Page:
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Formally Define and Prove a Limit

What is a Limit?

A limit is the value a function or sequence approaches as the input approaches another value.

For example, 

MathJax TeX Test Page $$\lim_{x \to 3} \left(2x + 5\right) = 11$$

Here, when y = 2x + 5, and x gets closer and closer to 3, y gets closer and closer to 11. 

The important thing about limits is that they should work either way: the left-hand limit (coming from the left) and the right-hand limit (coming from the right). 

For example, 

When x approaches 0 from the left, the value approaches 0. However, when x approaches 0 from the right, it's 1. So, there are two possible limits, meaning the limit DOES NOT EXIST.

Formal Definition of a Limit of a Sequence

A limit is formally defined as you can find always an input that will be arbitrary close to the limit. Let’s say your sequence is 1/x. If you want to be within 0.0001 of 0, x has to be greater than 10000.

MathJax TeX Test Page Definition: If $p \in \mathbb{R}^n$ and $\{x_i\}^{\infty}_{i = 1}$ is a sequence in $\mathbb{R}^n$, then
$\{x_i\}^{\infty}_{i = 1}$ converges to $p$ iff $\forall \epsilon>0, \exists k \in \mathbb{N}$ s.t. $\forall i \geq k, ||x_i - p|| < \epsilon$
This can be written as $$\lim_{i \to \infty}x_i = p$$

In other words, in order for your limit to exist, if I suggest any given epsilon, you have to respond with a k such that all sequence elements after that will be within epsilon of the limit.

Proof of Limit to infinity

Here is an example proof for the one above: f(x) = 1/x, and we want to find the limit of f(x) as x -> infinity. This will be in two phases: the discovery phase, where we discover what we want del ta to be, and the proof, where we go backwards. The discovery phase is secret. You don’t want people seeing this part. It’s like an iPhone. Apple doesn’t want you to know the the hundreds of failed attempts, they only want you to know the final result.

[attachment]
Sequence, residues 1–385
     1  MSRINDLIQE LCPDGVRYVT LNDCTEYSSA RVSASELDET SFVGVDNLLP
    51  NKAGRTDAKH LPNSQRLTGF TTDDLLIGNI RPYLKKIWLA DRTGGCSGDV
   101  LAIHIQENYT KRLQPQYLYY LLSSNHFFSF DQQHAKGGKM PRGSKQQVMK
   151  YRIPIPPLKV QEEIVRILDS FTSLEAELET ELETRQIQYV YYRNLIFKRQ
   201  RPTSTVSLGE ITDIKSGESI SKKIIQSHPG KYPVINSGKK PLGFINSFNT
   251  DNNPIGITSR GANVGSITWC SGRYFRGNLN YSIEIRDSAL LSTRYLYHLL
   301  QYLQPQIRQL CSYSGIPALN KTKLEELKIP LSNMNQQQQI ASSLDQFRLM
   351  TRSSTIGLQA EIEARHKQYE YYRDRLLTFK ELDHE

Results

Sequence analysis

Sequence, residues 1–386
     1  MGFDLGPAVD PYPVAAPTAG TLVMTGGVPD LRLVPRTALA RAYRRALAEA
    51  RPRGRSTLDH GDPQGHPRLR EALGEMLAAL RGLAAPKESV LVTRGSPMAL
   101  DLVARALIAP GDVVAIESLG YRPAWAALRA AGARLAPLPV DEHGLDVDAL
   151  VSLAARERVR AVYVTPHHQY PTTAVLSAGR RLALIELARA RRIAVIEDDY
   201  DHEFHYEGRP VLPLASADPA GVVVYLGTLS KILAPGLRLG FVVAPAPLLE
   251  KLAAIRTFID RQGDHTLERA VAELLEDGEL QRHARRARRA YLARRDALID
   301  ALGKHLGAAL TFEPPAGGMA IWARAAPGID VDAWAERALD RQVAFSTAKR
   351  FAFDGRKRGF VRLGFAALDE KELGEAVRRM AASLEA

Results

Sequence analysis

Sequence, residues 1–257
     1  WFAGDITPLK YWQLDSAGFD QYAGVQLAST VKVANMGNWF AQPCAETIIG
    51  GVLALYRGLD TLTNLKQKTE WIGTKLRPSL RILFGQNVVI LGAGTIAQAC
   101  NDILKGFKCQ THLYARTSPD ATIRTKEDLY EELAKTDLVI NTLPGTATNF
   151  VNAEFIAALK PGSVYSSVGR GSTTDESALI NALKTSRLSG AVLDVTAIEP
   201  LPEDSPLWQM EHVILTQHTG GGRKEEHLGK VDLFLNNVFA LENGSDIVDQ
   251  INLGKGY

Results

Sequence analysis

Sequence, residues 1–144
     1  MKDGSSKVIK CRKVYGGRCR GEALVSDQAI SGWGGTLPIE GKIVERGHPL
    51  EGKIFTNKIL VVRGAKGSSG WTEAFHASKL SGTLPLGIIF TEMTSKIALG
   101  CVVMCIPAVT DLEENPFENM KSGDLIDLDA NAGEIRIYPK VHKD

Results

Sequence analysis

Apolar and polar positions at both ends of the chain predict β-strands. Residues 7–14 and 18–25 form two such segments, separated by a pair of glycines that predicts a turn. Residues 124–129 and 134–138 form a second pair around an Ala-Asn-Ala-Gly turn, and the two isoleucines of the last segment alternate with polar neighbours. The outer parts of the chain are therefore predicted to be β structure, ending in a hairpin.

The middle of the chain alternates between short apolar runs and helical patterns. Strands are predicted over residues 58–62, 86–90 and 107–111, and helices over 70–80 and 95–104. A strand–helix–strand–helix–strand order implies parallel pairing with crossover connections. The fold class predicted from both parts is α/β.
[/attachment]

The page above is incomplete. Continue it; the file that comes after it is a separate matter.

Discovery Phase

MathJax TeX Test Page In the discovery phase, we start with a guess, and we reverse engineer the necessary x. We guess that the limit approaches 0. $$||f(x_i) - 0|| < \epsilon $$ $$||\dfrac{1}{i}|| < \epsilon$$ We know that $\dfrac{1}{i}$ is positive, because $x \geq 1$. $$i > \dfrac{1}{\epsilon}$$

Proof

MathJax TeX Test Page $$\text{Let } \epsilon > 0$$ $$\text{Let }k = \lceil 1 + \dfrac{1}{\epsilon}\rceil$$ We know from our discovery phase that $k > \dfrac{1}{\epsilon}$, where k is the minimum index of x. k must also be an integer. The equation above satisfies both properties. $$ \text{Let }i \geq k$$ $$ i \geq \lceil 1 + \dfrac{1}{\epsilon}\rceil > \dfrac{1}{\epsilon}$$ $$\epsilon > \dfrac{1}{i} = ||x_i - 0||$$ $$||x_i - 0|| < \epsilon$$ Here is the logic of the proof: from the last 4 lines, we can conclude $$\forall i \geq \lceil 1 + \dfrac{1}{\epsilon}, ||x_i - p|| < \epsilon$$ Going one line back, we get $$\exists k s.t. \forall i \geq \lceil 1 + \dfrac{1}{\epsilon}, ||x_i - p|| < \epsilon$$ Finally, the "Let $\epsilon > 0$" lets us say $$\forall \epsilon > 0 \exists k s.t. \forall i \geq \lceil 1 + \dfrac{1}{\epsilon}, ||x_i - p|| < \epsilon$$ That is the definition of a limit of a sequence.

Proof with of Limit to a Number

Now, the proof is kind of different, the steps are the same, but now if x is < delta units away from c, f(x) is less than epsilon units from L, the limit. It can be written like, if |x-c| < delta, then |f(x) - L| < epsilon.

MathJax TeX Test Page The idea of a limit to a point is for any epsilon greater than 0, we can create a range of x-values ($\delta$) such that if x is in the x-range, the f(x) is in the y-range. Written out formally, it is this: $$\forall \epsilon > 0, \exists \delta > 0 \text{ s.t. if } 0 < ||x - p||< \delta \to ||f(x) - f(p)|| < \epsilon$$ Once again, we have to do a discover phase. This means we start with our epsilon and have to find a delta.

Discovery Phase

MathJax TeX Test Page $$|2x + 5 - 11| < \epsilon$$ $$|2x - 6| < \epsilon$$ $$|x-3|< \dfrac{\epsilon}{2}$$ Now, we have our delta.

Proof

MathJax TeX Test Page $$\text{Let } \epsilon > 0$$ $$\text{Let } \delta = \dfrac{\epsilon}{2} $$ $$|x - 3| < \dfrac{\epsilon}{2}$$ $$2|x-3| < \epsilon$$ $$|2x - 6| < \epsilon$$ $$|2x + 5 - 11| < \epsilon$$ Therefore, we can say $\forall \epsilon > 0, \exists \delta > 0\text{ s.t. if }|x - 3| < \delta \to |f(x) - 11| < \epsilon$
David Witten

Limit Properties